pyraxis: Pyraxis (Pyraxis)
I want to spread this long but incredibly important Tumblr post about the history of the autism and multiplicity communities everywhere I can.

We weren't a part of all of the groups and initiatives described there, but we know some of the people involved. Our place was on the forums, the rise and fall of various forums between 2004 and the present.

I want to talk about one thing. The importance of freedom of speech and an uncensored space in the development of a community. Everything Amorpha/S. says about the Dark Personalities mailing list has been mirrored in Daria's and my own experiences of the unmoderated autism forum we have been a part of. It is imperative to have a space for people who have been cast out of other communities for being too controversial, for saying critical things, for breaking social rules, for pissing off the wrong person. When there is social upheaval because huge new ideas have come to light, there is an urgent need for space where they can be spoken about freely, hashed out, argued about, screamed about. In the brouhaha over demanding trigger warnings that has even spread to mainstream media in the past year, I want people to understand why it is important to keep places where trigger warnings and other kinds of content policing are not required.

It's still difficult to write about this because I am an intensely private person and used to keeping up mental boundaries.

Thanks Kerry for the link on your journal. (This one.)
pyraxis: Lin (Lin)
You have 2 cows.
You give one to your neighbour

You have 2 cows.
The State takes both and gives you some milk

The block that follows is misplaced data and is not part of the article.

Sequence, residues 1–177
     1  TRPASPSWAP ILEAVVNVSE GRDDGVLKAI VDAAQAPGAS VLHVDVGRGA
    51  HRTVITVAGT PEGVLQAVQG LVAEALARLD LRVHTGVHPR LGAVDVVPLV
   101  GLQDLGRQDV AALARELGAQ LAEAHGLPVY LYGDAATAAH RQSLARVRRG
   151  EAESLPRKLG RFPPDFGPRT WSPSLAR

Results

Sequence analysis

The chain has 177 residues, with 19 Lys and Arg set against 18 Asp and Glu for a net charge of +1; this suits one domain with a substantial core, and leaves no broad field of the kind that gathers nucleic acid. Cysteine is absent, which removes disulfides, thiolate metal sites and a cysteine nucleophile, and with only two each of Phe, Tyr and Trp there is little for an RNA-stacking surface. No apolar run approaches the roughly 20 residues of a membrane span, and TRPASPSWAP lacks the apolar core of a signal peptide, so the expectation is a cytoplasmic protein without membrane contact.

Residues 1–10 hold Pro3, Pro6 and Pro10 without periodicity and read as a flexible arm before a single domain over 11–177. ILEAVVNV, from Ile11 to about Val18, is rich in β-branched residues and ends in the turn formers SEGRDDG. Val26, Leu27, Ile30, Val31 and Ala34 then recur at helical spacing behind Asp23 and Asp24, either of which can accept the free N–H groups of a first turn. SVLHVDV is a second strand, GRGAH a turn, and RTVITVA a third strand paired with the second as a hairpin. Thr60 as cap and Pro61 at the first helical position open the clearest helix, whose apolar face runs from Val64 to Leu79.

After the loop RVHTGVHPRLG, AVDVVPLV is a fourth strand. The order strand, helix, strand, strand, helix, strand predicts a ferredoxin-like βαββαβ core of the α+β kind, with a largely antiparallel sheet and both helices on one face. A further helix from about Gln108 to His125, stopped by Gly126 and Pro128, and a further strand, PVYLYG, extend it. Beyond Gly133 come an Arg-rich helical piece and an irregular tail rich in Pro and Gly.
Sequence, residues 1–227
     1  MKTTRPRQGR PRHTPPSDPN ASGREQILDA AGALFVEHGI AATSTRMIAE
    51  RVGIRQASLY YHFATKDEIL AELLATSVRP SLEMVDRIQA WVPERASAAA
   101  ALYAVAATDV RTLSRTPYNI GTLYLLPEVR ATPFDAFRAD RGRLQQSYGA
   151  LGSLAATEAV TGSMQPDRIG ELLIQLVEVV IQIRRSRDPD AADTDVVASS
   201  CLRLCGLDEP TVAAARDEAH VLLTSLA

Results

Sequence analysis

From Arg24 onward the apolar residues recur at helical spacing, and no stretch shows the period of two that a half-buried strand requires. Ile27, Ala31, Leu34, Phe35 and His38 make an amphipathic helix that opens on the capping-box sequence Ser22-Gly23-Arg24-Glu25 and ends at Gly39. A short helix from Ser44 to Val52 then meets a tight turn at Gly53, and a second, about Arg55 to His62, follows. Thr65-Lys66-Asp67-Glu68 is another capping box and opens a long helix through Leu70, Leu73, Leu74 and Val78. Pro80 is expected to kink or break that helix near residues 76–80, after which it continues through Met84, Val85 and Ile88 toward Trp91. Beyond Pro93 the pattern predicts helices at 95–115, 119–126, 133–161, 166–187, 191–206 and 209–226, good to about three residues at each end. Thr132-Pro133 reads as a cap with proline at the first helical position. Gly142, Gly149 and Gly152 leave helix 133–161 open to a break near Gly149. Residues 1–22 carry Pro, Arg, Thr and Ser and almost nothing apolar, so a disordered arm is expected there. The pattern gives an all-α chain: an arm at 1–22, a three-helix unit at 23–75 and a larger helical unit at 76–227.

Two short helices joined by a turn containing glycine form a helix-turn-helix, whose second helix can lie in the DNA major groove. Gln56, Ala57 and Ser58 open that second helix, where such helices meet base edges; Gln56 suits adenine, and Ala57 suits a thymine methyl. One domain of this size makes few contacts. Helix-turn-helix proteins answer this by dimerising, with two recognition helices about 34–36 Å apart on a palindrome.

Bonus: Got this off a traditional capitalism message board. (Written by eskslo.) Anyone care to correct the bias?
pyraxis: Lin (Lin)
Last December, the self-published author M.C.A. Hogarth ([personal profile] haikujaguar) received a notice from Amazon that her e-book Spots the Space Marine was being taken down due to trademark infringement.

It turns out Games Workshop, also known as the UK company that created Warhammer and Warhammer 40k, own the trademark to the term "space marine".

How is this possible, when space marines are a science fiction trope that have appeared in stories, comics and movies at least since Bob Olsen wrote "Captain Brink of the Space Marines" in 1934?

That's where the corporate bullying comes in.

Games Workshop, apparently, have a horrid reputation for being lawyer-happy. They've filed suit against one of the largest Warhammer fansites, against Chapterhouse Studios who make conversion parts for miniatures, and they reputedly hit independent toy and game retailers with clauses that they cannot stock any other gaming system if they want to stock GW miniatures.

For the past couple months, [personal profile] haikujaguar has been quietly contacting five separate IP lawyers and finding that the cost of fighting GW's claim would start at $2000 US and quickly climb into the $50,000 range when the lawsuit began. It wouldn't make business sense to protect the book. Independent authors don't make that kind of money.